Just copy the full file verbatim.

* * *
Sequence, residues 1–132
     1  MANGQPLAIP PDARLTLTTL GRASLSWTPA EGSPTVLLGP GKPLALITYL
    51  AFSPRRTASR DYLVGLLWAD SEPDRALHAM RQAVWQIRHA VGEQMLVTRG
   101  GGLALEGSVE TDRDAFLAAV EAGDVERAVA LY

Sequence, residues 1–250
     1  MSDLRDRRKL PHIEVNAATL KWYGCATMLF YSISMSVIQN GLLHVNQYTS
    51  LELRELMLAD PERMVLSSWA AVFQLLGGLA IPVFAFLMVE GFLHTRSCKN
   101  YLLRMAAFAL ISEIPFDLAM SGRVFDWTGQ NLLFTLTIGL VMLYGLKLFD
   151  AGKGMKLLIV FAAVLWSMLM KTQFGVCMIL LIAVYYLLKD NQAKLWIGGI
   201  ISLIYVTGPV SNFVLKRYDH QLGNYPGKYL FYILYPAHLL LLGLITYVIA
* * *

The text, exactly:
Sequence, residues 1–132
     1  MANGQPLAIP PDARLTLTTL GRASLSWTPA EGSPTVLLGP GKPLALITYL
    51  AFSPRRTASR DYLVGLLWAD SEPDRALHAM RQAVWQIRHA VGEQMLVTRG
   101  GGLALEGSVE TDRDAFLAAV EAGDVERAVA LY

Sequence, residues 1–250
     1  MSDLRDRRKL PHIEVNAATL KWYGCATMLF YSISMSVIQN GLLHVNQYTS
    51  LELRELMLAD PERMVLSSWA AVFQLLGGLA IPVFAFLMVE GFLHTRSCKN
   101  YLLRMAAFAL ISEIPFDLAM SGRVFDWTGQ NLLFTLTIGL VMLYGLKLFD
   151  AGKGMKLLIV FAAVLWSMLM KTQFGVCMIL LIAVYYLLKD NQAKLWIGGI
   201  ISLIYVTGPV SNFVLKRYDH QLGNYPGKYL FYILYPAHLL LLGLITYVIA